The Western twist that Yeats gives to Mohini’s Hindu belief is obvious. We are born again and again (as Yeats puts it: “Grave is heaped on grave”) to seek and find the perfect love. To argue that love is not fulfillment is self-deception. Love is moksha (liberation, or release from the changing world and the cycle of birth and rebirth, samsara). Mohini Chatterjee would have smiled at that.
The second Indian in Yeats’s life was Rabindranath Tagore, with whom he kept up an on-and-off epistolary relationship until 1930. He found Tagore’s prose-poem translations from the Bengali Gitanjali good enough for inclusion in his anthology The Oxford Book of Modern Verse.
The third Indian was a Swami whose poems also found place in Yeats’s anthology. With Swami Purohit, Yeats entered the esoteric realm of Hindu religious myth and symbolism. Yeats met the Swami in 1930 and collaborated with him in translating the Upanishads and other sacred Sanskrit texts. Faber & Faber published these in book form through the good offices of one of its directors, T. S. Eliot, who, incidentally, had earlier in his “primer of modern heresy” consigned Yeats to literary hell, along with James Joyce and D. H. Lawrence, for producing morally dubious and corrupting literature. The primer was aptly titled After Strange Gods.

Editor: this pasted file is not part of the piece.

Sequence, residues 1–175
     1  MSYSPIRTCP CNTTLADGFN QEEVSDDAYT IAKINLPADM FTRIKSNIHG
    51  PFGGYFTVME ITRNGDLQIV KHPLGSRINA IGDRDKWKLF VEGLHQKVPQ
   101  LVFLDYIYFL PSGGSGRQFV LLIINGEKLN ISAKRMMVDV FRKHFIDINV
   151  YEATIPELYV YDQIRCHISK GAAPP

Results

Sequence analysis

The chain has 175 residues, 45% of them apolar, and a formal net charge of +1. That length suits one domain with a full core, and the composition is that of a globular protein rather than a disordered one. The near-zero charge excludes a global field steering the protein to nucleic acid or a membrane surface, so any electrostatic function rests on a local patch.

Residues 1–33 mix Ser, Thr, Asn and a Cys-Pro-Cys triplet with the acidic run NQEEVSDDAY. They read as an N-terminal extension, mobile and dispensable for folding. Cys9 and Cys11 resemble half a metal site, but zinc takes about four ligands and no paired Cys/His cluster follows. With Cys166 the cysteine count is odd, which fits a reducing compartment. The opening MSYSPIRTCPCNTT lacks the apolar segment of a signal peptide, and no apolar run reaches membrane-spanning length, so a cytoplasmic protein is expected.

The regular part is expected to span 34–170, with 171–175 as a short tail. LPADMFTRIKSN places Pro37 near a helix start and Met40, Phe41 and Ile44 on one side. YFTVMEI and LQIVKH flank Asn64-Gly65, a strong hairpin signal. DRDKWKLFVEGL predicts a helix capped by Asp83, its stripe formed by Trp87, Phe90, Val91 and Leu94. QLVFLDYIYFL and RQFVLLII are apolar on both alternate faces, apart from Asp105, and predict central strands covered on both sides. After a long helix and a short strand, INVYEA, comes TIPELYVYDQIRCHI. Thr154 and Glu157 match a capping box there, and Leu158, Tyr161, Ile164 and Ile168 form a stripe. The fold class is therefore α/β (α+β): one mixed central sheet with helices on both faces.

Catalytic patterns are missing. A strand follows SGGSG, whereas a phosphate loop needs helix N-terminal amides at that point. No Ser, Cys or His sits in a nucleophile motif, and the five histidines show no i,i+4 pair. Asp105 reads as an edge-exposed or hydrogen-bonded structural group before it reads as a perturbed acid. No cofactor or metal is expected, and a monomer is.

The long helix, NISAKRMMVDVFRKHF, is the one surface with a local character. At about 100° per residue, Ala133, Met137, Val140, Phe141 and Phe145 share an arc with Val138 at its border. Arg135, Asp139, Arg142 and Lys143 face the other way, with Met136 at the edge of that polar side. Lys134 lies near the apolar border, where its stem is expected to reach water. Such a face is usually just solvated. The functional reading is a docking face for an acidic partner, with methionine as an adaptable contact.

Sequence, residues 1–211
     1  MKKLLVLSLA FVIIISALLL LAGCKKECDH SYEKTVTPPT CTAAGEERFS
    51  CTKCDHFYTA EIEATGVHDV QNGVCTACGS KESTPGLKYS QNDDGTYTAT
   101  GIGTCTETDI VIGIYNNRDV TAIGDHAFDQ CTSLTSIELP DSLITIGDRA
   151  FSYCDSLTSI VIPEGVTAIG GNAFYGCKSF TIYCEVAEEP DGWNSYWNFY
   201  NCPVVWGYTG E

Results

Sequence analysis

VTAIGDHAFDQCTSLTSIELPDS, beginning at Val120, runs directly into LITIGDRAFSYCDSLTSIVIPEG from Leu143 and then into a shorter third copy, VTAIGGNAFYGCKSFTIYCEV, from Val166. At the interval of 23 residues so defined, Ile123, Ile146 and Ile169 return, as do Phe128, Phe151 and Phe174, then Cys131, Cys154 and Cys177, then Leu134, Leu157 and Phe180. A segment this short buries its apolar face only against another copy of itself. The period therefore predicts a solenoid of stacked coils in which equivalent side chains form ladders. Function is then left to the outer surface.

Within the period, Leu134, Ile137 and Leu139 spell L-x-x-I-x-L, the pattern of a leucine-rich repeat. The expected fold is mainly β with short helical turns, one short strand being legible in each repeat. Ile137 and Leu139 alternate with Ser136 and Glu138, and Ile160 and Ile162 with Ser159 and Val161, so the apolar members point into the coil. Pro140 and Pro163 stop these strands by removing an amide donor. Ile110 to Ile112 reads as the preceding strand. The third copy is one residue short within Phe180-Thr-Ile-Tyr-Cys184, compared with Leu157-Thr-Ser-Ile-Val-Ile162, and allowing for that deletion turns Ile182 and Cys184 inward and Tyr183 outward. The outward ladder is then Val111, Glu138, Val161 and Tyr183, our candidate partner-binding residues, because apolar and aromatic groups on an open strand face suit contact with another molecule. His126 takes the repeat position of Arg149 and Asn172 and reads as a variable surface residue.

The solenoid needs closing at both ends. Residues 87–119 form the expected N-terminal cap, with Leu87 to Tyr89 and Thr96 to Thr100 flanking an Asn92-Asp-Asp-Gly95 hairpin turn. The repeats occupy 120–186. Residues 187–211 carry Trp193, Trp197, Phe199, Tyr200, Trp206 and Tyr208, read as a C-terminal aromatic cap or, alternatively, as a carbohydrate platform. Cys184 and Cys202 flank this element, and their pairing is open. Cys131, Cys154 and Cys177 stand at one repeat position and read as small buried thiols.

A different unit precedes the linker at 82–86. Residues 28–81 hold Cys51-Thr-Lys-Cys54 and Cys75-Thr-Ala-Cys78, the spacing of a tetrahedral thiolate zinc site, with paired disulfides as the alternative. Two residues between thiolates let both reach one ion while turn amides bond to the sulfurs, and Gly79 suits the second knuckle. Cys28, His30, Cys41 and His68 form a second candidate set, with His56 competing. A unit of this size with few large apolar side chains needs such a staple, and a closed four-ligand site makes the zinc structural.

Before he met the Swami, Yeats had composed in 1920, two years after the havoc of World War I, a poem titled “The Second Coming.” He writes: “Things fall apart; the center cannot hold…revelation is at hand…what rough beast…Slouches towards Bethlehem to born?” Yeats transforms St. John’s vision of the coming of the Anti-Christ into a fearful image of an avatar of Vishnu, Nara-Simha (the Man-Lion), turning him into a Doomsday beast who, at the end of the 2000–year gyre of Christian civilization, crawls toward the Christ-child’s manger. In other words, the Christian values of love and innocence have been wasted on mankind. Bethlehem has become Bedlam (etymologically, “bedlam” is a corruption of Bethlehem Asylum in London). Poor Nara-Simha, one of the nine manifestations of Vishnu who restore dharma each time it declines in the successive yugas (ages). A perfectly sensible Hindu avatar saving an age of men-lions is metamorphosed (with a touch of the Sphinx) into a world-destroying monster in Yeats’s Christian imagination.
In 1934, Yeats wrote a remarkable sonnet titled “Meru.” Meru is the mythical Hindu mountain of spiritual realization. Everest is the world’s tallest physical mountain, the scaling of which is considered a major accomplishment. Which is better? Neither, concludes Yeats. Spiritual achievement and material achievement (“hermits on Mount Meru or Everest”) both lead to “the desolation of reality.” Eastern spirituality and Western technology are both temporary and illusory. “Before dawn/ His glory and his monuments are gone.”
So what remains? What is the message, if a poem can be said to have a message? “The Second Coming” was written just after World War I, “Meru” five years before World War II began. Is Yeats saying, when will they ever learn?